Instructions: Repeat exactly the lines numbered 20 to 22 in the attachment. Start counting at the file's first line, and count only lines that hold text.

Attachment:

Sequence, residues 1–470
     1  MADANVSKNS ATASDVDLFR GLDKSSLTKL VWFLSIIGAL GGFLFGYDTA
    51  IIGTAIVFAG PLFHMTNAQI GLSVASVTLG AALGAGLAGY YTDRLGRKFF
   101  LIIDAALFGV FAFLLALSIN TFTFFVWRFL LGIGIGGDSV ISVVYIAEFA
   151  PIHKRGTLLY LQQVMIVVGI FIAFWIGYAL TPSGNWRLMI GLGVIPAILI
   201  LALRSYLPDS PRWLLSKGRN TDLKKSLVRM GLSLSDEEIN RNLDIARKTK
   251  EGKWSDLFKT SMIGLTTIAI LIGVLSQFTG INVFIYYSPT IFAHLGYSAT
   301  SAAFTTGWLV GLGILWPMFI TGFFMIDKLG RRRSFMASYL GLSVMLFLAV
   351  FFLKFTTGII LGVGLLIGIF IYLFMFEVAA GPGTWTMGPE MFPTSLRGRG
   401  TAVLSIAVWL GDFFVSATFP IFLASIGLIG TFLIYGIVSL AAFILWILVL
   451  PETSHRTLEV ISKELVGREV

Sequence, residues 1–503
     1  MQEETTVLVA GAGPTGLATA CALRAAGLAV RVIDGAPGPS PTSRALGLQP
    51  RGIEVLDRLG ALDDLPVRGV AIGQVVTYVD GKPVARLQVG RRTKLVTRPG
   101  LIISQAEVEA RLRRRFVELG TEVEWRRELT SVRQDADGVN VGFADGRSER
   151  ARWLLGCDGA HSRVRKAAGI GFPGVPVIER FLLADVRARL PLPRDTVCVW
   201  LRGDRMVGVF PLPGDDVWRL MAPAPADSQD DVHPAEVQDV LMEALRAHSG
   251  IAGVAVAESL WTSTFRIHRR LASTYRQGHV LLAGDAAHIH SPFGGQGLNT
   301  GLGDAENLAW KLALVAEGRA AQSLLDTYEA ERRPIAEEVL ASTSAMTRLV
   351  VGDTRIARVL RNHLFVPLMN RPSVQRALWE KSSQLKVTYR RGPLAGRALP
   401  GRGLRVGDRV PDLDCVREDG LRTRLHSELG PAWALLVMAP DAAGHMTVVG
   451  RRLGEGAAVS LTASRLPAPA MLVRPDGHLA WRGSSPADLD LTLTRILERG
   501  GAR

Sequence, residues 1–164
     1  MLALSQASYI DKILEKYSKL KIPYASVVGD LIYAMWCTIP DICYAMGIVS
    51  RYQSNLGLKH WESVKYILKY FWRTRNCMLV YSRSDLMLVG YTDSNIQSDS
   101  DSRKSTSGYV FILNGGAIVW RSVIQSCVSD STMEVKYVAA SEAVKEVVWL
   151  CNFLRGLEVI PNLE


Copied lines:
   351  VGDTRIARVL RNHLFVPLMN RPSVQRALWE KSSQLKVTYR RGPLAGRALP
   401  GRGLRVGDRV PDLDCVREDG LRTRLHSELG PAWALLVMAP DAAGHMTVVG
   451  RRLGEGAAVS LTASRLPAPA MLVRPDGHLA WRGSSPADLD LTLTRILERG